handmade things
by local craftsmen.
2002 w. 4m. avenue
"We being many are one body"
ASH WEDNESDAY
EUCHARIST
*
Wednesday, Feb. 24
SUB Clubs Lounge     12:30 o'clock
Sponsored by Anglican United Campus Ministry
of medicine, rather than more
general aspects.
He said medical men ignore the
large problems which occur today,
such as abortion and high
mortality rates among more
primitive peoples.
"They are not taking advantage
of their ability to save lives."
He does not think that
legalizing abortions would cause
women to be freer in their sexual
behavior.
"No woman wants to go
through the painful and
unpleasant experience of an
abortion, if she can help it."
"Contraceptives are much
commoner now, and the
development of newer and better
contraceptives will soon make
abortions obsolete."
From Quebec to UBC
Jacques Larue-Langlois, one of the Quebec Five, will be speaking
in the SUB ballroom Thursday at noon.
Larue-Langlois, along with four others, was acquitted on charges
of seditious conspiracy to overthrow the government of Canada.
However, the five are still charged with membership in the Front de
Liberation du Quebec. Larue-Langlois' trial on the latter charge is next
week.
Larue-Langlois is a producer for Radio-Canada, the French
language arm of the CBC in Quebec.
The noon address will be co-sponsored by the Vancouver
Committee to defend Political Prisoners in Quebec and the Alma Mater
Society.
WHERE AU
THE ACTION IS
3
Sensational
Clubs in
1
HARRY'S
ENTERTAINMENT
COMPLEX
OILCAN'S
DANCE to the sounds of
NIGHT TRAIN
THE BACK ROOM
The atmosphere of the
Roaring 20's
From   Los  Angeles
MAC TRUQUE
DIRTY SAL'S
Listen to the unique voices
of JUDY & JIM GINN
-OPEN-
MON. THRU SAT.
752 THURL0W ST. 683-7306
A
We've Moved!
The TRAVEL OFFICE
has moved from
SUB 237B to
SUB 100-A
NEW PHONE NUMBER TOO
228-2083
HOURS REMAIN THE SAME
12:30 - 4:30 Daily
Drop In At Your
Campus Travel Office Soon!
Western
Student Services
Students in all faculties:
A CAREER IN
CHARTERED ACCOUNTANCY?
Learn How and Why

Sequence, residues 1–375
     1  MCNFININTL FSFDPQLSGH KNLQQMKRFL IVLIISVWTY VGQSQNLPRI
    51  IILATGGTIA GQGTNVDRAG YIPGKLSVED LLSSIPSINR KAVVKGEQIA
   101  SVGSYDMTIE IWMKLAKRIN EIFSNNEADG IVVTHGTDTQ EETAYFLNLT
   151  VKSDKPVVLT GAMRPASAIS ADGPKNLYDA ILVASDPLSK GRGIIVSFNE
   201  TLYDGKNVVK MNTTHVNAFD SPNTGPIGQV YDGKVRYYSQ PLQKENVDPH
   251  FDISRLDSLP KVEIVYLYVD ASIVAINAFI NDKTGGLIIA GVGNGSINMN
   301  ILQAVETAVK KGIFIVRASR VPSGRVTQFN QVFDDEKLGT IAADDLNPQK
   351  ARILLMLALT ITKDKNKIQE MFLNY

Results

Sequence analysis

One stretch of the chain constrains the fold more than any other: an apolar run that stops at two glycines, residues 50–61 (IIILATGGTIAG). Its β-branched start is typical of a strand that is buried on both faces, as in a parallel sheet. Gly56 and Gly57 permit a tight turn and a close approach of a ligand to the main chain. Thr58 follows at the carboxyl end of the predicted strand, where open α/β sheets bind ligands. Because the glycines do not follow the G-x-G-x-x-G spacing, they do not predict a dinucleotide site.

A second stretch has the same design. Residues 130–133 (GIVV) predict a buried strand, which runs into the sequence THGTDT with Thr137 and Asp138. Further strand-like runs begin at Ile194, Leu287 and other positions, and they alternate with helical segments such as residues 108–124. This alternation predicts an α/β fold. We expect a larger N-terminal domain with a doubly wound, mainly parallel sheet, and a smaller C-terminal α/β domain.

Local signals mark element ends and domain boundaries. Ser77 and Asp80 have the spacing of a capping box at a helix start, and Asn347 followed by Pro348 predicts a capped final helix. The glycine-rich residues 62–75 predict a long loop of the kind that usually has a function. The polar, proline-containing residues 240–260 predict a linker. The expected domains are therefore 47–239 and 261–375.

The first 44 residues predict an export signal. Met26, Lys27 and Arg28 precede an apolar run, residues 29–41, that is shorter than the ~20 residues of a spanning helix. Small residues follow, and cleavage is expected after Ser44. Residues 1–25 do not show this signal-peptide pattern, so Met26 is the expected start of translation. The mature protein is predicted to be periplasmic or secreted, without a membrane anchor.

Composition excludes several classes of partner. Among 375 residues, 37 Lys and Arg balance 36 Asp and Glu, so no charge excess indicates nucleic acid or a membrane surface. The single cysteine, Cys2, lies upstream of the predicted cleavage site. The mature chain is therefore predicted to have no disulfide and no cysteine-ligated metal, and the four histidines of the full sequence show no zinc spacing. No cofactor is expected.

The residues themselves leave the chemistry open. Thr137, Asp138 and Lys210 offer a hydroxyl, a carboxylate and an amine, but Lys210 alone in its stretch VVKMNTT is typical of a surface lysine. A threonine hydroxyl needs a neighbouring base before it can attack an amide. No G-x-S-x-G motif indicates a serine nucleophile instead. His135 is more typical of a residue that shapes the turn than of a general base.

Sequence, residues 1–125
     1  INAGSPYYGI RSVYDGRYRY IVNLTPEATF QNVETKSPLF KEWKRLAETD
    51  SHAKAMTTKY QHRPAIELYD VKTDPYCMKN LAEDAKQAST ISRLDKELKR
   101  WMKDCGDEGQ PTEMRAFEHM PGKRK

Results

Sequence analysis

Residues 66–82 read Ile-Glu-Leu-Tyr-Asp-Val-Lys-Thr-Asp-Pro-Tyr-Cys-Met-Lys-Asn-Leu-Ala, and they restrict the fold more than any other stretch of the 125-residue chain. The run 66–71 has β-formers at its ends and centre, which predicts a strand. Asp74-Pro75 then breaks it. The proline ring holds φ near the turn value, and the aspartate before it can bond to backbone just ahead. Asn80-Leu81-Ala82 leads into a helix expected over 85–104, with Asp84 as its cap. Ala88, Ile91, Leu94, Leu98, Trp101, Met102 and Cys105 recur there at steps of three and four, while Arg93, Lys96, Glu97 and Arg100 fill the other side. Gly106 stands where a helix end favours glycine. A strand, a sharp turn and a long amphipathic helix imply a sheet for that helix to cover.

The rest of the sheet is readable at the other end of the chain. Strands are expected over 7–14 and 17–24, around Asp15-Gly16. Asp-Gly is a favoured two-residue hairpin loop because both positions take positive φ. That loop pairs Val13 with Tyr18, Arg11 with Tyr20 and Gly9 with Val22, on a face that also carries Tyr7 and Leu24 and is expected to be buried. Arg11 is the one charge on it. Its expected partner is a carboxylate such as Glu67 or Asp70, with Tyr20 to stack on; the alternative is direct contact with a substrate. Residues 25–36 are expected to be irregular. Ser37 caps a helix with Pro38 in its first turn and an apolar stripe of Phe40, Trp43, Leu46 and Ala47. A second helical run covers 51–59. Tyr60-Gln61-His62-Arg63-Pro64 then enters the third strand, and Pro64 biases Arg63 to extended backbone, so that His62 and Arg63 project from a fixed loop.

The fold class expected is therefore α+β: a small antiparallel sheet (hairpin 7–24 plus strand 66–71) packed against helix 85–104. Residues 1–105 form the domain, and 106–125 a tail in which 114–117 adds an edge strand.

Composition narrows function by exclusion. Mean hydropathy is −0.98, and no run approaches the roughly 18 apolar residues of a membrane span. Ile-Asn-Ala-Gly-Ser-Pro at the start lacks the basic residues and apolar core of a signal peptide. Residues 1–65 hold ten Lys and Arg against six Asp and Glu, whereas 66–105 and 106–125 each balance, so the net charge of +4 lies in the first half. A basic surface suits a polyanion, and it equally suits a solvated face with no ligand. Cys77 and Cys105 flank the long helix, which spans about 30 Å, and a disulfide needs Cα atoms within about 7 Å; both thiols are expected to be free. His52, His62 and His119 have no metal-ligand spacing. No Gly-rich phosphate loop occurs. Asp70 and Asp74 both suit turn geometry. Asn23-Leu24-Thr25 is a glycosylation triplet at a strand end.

Thursday, Feb. 25, 1971
12:30 P.M.,
Room 106, Buchanan Building
Members of the Institute of Chartered Accountants B.C. and the
U.B.C. Faculty of Commerce and Business Administration will be
on hand to:
-Show a film "Men of Account" describing the work of a C.A.
—Discuss the Licentiate in Accounting programmes and other
U.B.C. pre-C.A. training programmes.
—Discuss the opportunities afforded by employment in training
with practicing chartered accountants. Chartered accountants
play a decisive role in Canadian business, industry and
government.
The Institute of Chartered Accountants
530 Burrard Street, Vancouver 1, B.C. 651-3264 Tuesday, February 23, 1971
THE      UBYSSEY
Page 3
Slate landslide
from page One
The human government slate now controls
seven of the eight positions on next year's Alma
Mater Society executive.
The slate took the positions of treasurer,
external affairs, vice-president and internal affairs in
Wednesday's second-slate election.
Bob Smith had 1800 votes to take the position
of internal affairs. That was 200 more than John
Olson of the Lau slate.
It took three counts of the ballots cast for
treasurer before David Mole was elected.
John Wilson, deputy AMS treasurer came
second, 500 votes behind Mole.
Don Palmer, Lau slate candidate was third and
behind Mole by a 1000 votes.
Rob McDiarmid had 1992 votes for the
position of vice-president — 500 over Michael
Robinson, a Hanson Lau candidate.
Sharon Boylan's 1,900 votes were enough to
defeat another of Lau's candidates Adrian Belshaw
for the position of external affairs.
Lau plans to wait for Tuesday's decision from